Five Weaklings and a Funeral
For example, we noted how ridiculous people were when they approached us in line. They asked questions like, “How are you doing?” or “How have things been?” How do you think we are doing? Whenever someone said “Let us know if there’s anything at all we can do to help,” we always wanted to respond with a ridiculous request. “You know what? A milkshake would be killer right now.” People would try and catch up with our lives. My brother and I toyed with the idea of making fliers with a short biography on them to hand out to people who asked too many questions. “Yes, I am a lawyer. And thank you, I have gotten handsome, haven’t I?” Interspersed among our glares of contempt and fake smiles were acute, incisive fashion critiques of the visitors. After all, the family that pokes fun with sardonic humor together, stays together. Or something. We even tried to convince my youngest cousin that she was my grandmother’s least favorite. Good times!
In typical WASP fashion, we saved all our histrionics until the last minute. The worst part was watching how frail and hurt my grandfather was. He’s a tough as nails, O’Reilly watching, no-nonsense, war hero guy, and this was, as he admitted, the toughest thing he ever had to go through. Mind you, his WWII Battleship was sunk and he has been shot at by foreigners. The ministers eulogized that my grandparents were an institution in the town, and that got all the grandkids crying. Seriously, everyone in the area knows them and by extension, they know me. They also extolled many of her virtues, including her blunt honesty and noted that this noteworthy part of her personality would be carried on by the rest of her family. All of the grandkids, slight in frame, made for what might have been the weakest lot of pallbearers in American history. How we did not drop the casket was some sort of divine providence beyond my understanding. We prepared her for burial by wrapping her in a blanket I bought for her in Ireland. The Coast Guard was present for the military funeral (she served in WWII while your grandma was writing letters- BooYa!), played “Taps” and presented my Grandfather with a flag on behalf of the President of the United States. Best thing Bush has ever done for me.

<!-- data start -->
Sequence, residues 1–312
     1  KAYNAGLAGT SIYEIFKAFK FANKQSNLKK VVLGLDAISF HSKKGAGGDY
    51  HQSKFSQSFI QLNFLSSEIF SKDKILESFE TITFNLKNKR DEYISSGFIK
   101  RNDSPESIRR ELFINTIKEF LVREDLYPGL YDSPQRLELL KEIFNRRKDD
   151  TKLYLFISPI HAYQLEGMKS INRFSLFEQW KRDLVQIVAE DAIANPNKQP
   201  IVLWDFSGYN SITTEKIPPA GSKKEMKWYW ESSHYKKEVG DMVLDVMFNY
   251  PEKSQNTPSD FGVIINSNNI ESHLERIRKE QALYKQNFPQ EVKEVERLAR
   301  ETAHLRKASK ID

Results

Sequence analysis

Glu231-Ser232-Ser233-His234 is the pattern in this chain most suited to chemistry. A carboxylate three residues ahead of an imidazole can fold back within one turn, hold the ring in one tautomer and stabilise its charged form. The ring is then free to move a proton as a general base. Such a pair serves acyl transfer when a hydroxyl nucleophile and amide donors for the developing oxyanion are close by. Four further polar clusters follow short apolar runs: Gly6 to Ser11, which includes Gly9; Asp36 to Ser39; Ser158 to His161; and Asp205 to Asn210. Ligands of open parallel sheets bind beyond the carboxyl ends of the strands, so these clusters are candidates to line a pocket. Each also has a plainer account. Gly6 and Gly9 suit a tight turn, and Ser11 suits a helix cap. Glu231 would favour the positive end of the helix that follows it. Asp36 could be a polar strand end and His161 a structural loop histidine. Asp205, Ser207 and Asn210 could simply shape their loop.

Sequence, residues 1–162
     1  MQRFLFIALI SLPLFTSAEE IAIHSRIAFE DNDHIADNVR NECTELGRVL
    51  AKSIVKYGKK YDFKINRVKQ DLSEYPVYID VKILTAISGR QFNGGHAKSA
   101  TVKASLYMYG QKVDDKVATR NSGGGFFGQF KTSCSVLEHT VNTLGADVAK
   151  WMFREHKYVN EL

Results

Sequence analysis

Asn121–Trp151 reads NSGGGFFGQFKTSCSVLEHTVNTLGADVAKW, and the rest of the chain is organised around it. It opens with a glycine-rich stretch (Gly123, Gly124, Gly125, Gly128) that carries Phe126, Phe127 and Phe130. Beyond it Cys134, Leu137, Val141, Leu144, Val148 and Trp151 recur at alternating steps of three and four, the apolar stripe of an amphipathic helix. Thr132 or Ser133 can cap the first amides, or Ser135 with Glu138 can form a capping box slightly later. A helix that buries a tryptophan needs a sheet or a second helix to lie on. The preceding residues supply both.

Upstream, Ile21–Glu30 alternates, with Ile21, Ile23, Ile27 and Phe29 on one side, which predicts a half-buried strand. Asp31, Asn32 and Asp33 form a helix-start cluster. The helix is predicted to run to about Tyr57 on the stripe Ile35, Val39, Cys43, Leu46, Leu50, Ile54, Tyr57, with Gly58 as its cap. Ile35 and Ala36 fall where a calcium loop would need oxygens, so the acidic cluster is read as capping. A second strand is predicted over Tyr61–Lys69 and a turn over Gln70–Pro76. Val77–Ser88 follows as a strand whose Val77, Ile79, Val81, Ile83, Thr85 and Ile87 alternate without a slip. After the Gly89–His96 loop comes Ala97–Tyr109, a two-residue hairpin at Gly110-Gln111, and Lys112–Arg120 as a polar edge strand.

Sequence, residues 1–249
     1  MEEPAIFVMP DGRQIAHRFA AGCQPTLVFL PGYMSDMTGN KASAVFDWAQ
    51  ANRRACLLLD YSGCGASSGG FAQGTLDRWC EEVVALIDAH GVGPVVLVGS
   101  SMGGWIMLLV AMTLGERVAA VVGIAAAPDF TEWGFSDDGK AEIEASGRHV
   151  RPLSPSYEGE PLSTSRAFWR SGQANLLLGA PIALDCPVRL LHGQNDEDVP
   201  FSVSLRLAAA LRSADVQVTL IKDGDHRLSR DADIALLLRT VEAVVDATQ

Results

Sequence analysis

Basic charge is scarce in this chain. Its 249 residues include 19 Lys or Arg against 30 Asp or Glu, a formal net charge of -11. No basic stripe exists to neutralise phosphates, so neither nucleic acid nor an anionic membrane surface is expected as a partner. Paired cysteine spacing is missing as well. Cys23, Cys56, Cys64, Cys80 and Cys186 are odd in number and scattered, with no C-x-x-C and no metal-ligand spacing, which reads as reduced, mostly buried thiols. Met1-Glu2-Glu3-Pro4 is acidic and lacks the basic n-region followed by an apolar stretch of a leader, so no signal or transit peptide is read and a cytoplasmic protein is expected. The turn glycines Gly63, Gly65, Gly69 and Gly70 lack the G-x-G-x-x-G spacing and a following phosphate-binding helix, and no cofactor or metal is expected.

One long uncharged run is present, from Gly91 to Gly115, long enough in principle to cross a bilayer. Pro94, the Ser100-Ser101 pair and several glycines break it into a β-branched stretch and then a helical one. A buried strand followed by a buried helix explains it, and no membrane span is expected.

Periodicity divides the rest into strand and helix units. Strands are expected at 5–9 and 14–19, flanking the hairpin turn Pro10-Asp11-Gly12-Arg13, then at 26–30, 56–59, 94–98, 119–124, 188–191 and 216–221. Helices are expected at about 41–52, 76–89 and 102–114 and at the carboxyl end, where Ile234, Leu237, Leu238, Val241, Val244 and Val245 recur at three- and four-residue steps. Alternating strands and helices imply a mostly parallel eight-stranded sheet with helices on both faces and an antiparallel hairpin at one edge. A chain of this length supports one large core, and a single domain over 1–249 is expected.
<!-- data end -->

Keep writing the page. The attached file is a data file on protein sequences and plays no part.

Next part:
When all was said and done, we ate more. Then we napped. Then we ate more. Mothers' Day's timing was impeccable. ( I got my mom a paper shredder in lieu of flowers.) It will be so strange going to my grandmother's house and not having her there. I searched through her bedroom for something to steal to remind me of her. She was a notorious packrat and there was lots of junk to pick through. I ended up taking a small adjustable desk calendar that I always used to make reflect the wrong date, thinking I was the most hysterical child on earth pulling off a prank like that. And true to form, she let me think that.
When my other grandmother died, was in eighth grade. I was petrified to do anything bad thinking she would be watching from Heaven. (This included masturbation. The death of my grandmother coupled with the PeeWee Herman scandal made me one very confused, pent up young man. Looking back, I think this is why I hated eighth grade so much.). I feel like I am much more at peace with this death if you catch my drift. I am back at work, and I will be taking friends and family for granted again in no time. Before then though, I will focus on all the love and support I felt over the past week. Life goes on, and so do we. Just how we do it is no mystery.
I promise that upcoming posts will be virtually free of any sappy sentimentality.
With that, vaya con dios, abuelita. See you on the flip side.